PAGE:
Login to your account

Username *
Password *
Remember Me

Create an account

Fields marked with an asterisk (*) are required.
Name *
Username *
Password *
Verify password *
Email *
Verify email *
Captcha *
Reload Captcha

The Diplomatic Theft of Kenya's Plants

By October 03, 2022 0

Lusaka’s (Not his real name) food was untouched as he told me about the high drama that took place in the 90s in a certain Forest Research Institute. At the time, he was a young man in his early twenties and was working at the Institute. More than thirty years later, he is now a seasoned expert at UNEP, the world’s premier Environmental Organization. Pardon this secrecy. The position he holds at his current employer doesn’t allow him to reveal his identity. But I swear he is real, not imagined.

“They would cart away plant samples from forests like Kakamega Forest in their diplomatic luggage,” Lusaka told me and paused. He looked pained, and for a while, I thought he would shed a tear. He didn’t, but proceeded to explain in some detail how the Kenyan Government closed down the European-led research after it got wind of the diplomatic theft of Kenya’s plant samples.

The long and short of Lusaka’s story is this: in the 90s, a European Country set up a research shop in a Kenyan research institution. It proceeded to provide research funding, four-wheel-drive vehicles and a host of research equipment. Once research began, the Europeans who were leading the research ran a tight shop and kept their Kenyan colleagues mostly locked out of their research mission and findings. Unbeknownst to them, some of the local colleagues discovered that they were misusing the cover of diplomatic immunity to ship Kenyan indigenous plants out of the country. Consequently, the Kenyan government shut down their research mission despite their threat to cut research funding to the institution and take away all the four-wheel-drive vehicles they had donated. True to their word, after their research licenses were cancelled, they ferried away everything that they had brought.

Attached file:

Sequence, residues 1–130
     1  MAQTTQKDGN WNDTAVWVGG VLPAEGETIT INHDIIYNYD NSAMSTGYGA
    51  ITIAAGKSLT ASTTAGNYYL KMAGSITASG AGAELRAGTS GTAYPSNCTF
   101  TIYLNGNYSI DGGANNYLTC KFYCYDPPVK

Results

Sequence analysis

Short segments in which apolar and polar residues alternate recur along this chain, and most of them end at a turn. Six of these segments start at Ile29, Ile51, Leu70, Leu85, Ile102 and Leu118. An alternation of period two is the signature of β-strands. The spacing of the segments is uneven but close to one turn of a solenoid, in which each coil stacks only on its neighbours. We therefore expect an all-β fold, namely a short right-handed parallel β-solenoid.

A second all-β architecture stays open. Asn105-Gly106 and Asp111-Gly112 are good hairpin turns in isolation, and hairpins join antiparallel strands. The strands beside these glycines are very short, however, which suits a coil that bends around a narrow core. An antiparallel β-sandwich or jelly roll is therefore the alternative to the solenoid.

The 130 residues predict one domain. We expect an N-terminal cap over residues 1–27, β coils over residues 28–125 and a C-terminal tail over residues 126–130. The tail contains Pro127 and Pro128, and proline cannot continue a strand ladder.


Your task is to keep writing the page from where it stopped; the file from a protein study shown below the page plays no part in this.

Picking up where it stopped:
I love to eat. So despite the shock of Lusaka’s story, I continued chomping down the lamb chops that were on my plate. The spinach was lukewarm, so I would carefully navigate around it and zero in on the mutton. But I was shocked that such diplomatic theft of our natural resources could actually take place.

Our natural resources, our indigenous plants, are our priceless wealth. We must value them as such and do everything possible to protect and propagate them.


Biopiracy is defined as the theft of genetic resources from a locality without the knowledge of the natives.

The Mwingo Tree was a sacred one in Sagalla. Worship was often conducted under this tree. This tree is among the hardest species ever. It is so hard that it was once used as a substitute for steel in the construction of railway sleepers. Tragically, its high quality hardy nature proved to be its downfall. The British colonialists felled it down en masse and transported it to the UK to make royal furniture. The colonialists are said to have planted exotic species in the place of the Mwingo tree that they had pillaged.

Leave a comment

Make sure you enter all the required information, indicated by an asterisk (*). HTML code is not allowed.